When Issabella Orlando joined the Contested Histories team for a week-long research assignment in December 2020, she already had an extensive project on contested heritage under her belt. While studying full-time at Oxford University, Issabella wrote and directed the short documentary ‘The Return Address: Where Does Heritage Belong?’. The film delves into the question of how to approach contested heritage items in museums. Supported by expert interviews and footage from the world’s most extensive galleries, The Return Address highlights the same complexities inherent to the Contested Histories project: when confronted with new historical evidence and previously underrepresented narratives, how do we construct our sites of memory to reflect these nuances? After the completion of her internship, we checked in with Issabella to talk about her work on Contested Histories, the process of making a documentary, and her hopes for the future of the cultural heritage debate.
Thank you so much for meeting with us Issabella! Before we delve into The Return Address, could you tell us a bit more about yourself and why you chose to work with us at the Contested Histories project?
My pleasure! I was born in Canada to an Italian family. When I was 17, I moved to London to study Classical Studies at King’s College London, which also presented me with the opportunity to study in Greece during the summer. Currently, I’m pursuing a master’s in archeology at Oxford. Aside from my educational background, I have always been a writer. My work focuses on travel, cultural heritage, and sustainable development. It’s the intersections between human society and the material world that keep me inspired.
Long before joining the Contested Histories project, I was fascinated by museums and their curated narratives. In the wake of the Black Lives Matter movement’s intensification in 2020, it seems that the collective psyche is also paying closer attention to the representation of history in contemporary space. For the project, I ended up fact-checking several case studies and writing a piece on how modern nations stake their claims on ancient narratives – for example,
how Macedonian nationalists are keen to claim the legacy of Alexander the Great. I also curated a list of examples of contestations in museums and galleries, should the project’s scope expand to include them in the future. Such settings are subject to similar outcries for truthful representation of the past and restitution for historical and ongoing injustices.
Why do you think projects like Contested Histories and your documentary The Return Address are necessary in today’s society?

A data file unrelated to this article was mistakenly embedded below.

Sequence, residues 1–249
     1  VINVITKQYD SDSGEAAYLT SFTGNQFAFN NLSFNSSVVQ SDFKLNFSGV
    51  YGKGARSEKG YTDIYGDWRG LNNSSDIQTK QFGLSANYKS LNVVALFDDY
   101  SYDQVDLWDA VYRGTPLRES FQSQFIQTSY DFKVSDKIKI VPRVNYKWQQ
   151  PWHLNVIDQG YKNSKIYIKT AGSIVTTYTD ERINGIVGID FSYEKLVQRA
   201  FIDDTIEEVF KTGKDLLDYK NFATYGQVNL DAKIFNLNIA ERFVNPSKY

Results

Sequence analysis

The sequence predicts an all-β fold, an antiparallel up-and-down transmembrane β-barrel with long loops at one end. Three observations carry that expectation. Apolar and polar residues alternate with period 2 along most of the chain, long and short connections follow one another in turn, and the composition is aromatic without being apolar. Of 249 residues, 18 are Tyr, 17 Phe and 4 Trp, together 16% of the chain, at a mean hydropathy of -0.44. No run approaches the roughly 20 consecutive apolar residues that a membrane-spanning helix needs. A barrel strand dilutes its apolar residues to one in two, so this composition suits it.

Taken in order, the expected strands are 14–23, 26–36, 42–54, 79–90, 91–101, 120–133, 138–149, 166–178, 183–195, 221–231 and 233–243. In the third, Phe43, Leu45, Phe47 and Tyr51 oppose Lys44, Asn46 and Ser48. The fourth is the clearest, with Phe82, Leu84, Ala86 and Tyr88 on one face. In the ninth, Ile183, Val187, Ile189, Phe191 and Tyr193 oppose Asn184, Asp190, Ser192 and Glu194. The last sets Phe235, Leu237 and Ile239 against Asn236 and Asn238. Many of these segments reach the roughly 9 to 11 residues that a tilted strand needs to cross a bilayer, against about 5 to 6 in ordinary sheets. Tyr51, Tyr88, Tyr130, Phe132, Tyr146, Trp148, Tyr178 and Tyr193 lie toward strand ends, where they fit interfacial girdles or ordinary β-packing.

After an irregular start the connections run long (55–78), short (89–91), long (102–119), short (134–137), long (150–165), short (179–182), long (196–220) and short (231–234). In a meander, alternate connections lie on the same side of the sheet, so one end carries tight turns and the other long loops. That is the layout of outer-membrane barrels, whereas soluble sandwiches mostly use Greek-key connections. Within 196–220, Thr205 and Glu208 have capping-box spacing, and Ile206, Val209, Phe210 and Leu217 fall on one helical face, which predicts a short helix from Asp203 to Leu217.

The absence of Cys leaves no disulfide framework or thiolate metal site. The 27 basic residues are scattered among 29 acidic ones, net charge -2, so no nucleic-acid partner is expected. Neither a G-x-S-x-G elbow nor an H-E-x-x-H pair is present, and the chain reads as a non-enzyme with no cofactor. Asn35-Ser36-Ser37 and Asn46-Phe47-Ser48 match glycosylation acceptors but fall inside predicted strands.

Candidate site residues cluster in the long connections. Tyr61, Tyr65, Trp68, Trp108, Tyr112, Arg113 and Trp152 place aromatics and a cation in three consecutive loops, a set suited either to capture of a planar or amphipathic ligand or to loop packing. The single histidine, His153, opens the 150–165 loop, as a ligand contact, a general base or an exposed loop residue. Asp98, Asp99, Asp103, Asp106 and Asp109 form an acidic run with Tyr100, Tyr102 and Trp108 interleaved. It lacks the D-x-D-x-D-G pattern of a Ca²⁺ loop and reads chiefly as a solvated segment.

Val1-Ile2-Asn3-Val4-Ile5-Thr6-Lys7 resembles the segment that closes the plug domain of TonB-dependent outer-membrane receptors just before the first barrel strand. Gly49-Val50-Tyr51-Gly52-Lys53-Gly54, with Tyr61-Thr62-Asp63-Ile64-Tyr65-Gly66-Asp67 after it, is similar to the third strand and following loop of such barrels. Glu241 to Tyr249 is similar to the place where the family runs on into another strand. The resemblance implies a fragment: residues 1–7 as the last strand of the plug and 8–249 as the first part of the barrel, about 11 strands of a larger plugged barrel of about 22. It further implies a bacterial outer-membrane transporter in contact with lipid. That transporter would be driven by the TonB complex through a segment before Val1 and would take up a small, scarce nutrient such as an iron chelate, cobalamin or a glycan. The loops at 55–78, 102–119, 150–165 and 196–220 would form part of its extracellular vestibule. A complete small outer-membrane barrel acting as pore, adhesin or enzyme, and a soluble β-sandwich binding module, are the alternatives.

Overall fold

What I hope to underscore in all of my work is that the past is a powerful tool – narratives can be used in different ways, both positive and negative. Heritage can build up communities and heal past traumas; conversely, it can propagate hateful views and be weaponised against certain groups. Projects like ours show that history is not a dead discipline. The past is not that far away and history still affects our current points of view. It connects us to where we come from. Through these projects, we must also look at the ugly parts of the past and attempt to deal with them.
While researching contested cultural heritage debates, did you find any solutions for people attempting to deal with the past?
As I show in the documentary, it is a very case-by-case situation. Each case is so nuanced; there is no one size fits all solution. In general, however, I believe that addressing contested history cases cannot involve a strictly top-down approach. It is crucial to involve as many community members as possible and to contact historical groups tied to the history in question to strive for inclusive decision-making. We should also consider whether a heritage object is part of a living culture or an ancient one, where the object is claimed by a nation regarding itself as its successor. When a heritage object is important to a living culture and its people, I would say claims for repatriation are the most justified.
Keeping those ideas in mind, was there a case that handled contested heritage issues in a positive, constructive way that stood out to you?
One that comes to mind is the Pitt Rivers Museum in Oxford, where curators have inherited quite a dark history but recently have done a good job contacting relevant communities about artifacts in their collection. We should keep in mind that there are solutions other than simply sending something back. In some cases, cultural groups whose heritage is on display have allowed museums to keep objects despite the questionable ways they acquired them. Some exhibitions can tour before reaching their final resting places. New technologies allow for replica making, which we can use to showcase versions of materials that no longer reside at the museum. Again, each case merits its own approach.
Going back to the process of making The Return Address, what inspired you to take on such a project?